To our undying chagrin, no matter how cool they are, the Sidi Wire 2 isn't the easiest to adjust on the fly. As much as we might love the Tecno 3 buckles for being so mechanistic and steampunk, they do require two hands to incrementally loosen, and it makes us wish Sidi would see if they can't come up with a new proprietary design that preserves their unique elegance while giving us comparable function to dials. The Shimano and Fizik models came in just behind them. All of them use BOA dials with bi-directional adjustment and a pop-out quick release. All three shoes are extremely easy to micro-adjust and adjust on the fly, though it can be annoying to reach down mid-stroke to try to get a quick turn tighter only to accidentally pop the quick release.
For the Shimano S-Phyre, the top dial is attached to the top strap, and the cable anchor is attached to the side of the shoe. That means when the top strap is open or loose and you try to tighten it with the dial, it twists the top strap unless you hold the strap down. The dial and strap are the inverse of the Tecno 3 Buckle on the Sidi Wire 2 where the buckle is attached to the side of the upper and the cable anchor is attached to the strap. When you twist the Sidi buckle, nothing moves other than the cable.
One of the primary advantages Sidi Wire 2 has over its biggest competitors is its Heel Retention System. The heel is already a bit of a weak point for most bike shoes. Sidi exploits that by fortifying its heel with an adjustable device meant to improve fit and power transfer. It is a substantial advantage that the Italian shoes have over competing companies like Shimano and Fizik.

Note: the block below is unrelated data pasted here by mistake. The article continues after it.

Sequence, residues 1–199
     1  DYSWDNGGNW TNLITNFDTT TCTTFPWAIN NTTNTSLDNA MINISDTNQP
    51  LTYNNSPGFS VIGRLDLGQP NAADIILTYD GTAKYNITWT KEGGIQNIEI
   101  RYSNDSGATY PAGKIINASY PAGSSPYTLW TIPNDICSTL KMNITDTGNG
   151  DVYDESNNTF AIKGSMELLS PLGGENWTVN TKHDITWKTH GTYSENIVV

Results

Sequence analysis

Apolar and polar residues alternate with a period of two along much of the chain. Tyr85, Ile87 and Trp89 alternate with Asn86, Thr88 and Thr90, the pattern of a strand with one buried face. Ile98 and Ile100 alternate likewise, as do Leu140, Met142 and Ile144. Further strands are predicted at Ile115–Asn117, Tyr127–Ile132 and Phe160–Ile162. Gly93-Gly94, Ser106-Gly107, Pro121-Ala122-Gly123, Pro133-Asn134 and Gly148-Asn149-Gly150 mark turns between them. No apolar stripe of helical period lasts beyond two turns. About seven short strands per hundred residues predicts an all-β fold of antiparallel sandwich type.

Cycling is the natural habitat for weight weenies and they tend to drive trends at the higher end of the market, with fancy materials like carbon fiber and titanium. This is the very easiest metric for us to measure since it involves a scale. The harder part is tearing down the components and material to determine where the savings happened — or didn't, and whether the engineering and design choice was the right call from a performance perspective.
The lightest road bike shoes often have a scaled-down, premium carbon sole, sometimes with a good deal of venting. They also tend to have thin uppers made of some sort of synthetic fiber with limited inner padding. There are certainly tradeoffs for having such light shoes, and usually, they come in the form of comfort, sturdiness, and longevity. The overall lightest shoes in our test lineup are the Bontrager Velocis, weighing in at 16.4 ounces for a pair of Men's Size 44.5, and the Giro Imperial, coming just behind at 16.6 ounces in a pair of Men's Size 44.5
Typically, there's a tradeoff between comfort and weight. The lighter the shoe, the less supple the upper materials and the less padding hugging and protecting your foot. Yet, there are exceptions to the tradeoff rule. The Louis Garneau Course Air Lite XZ is a masterful improvement over their earlier AirLite versions, carefully excising all unnecessary attributes and adding in just enough padding and cushion to keep riders comfortable. They've come down more than an ounce over their previous versions, now to 17.6 ounces in Men's size 44.5.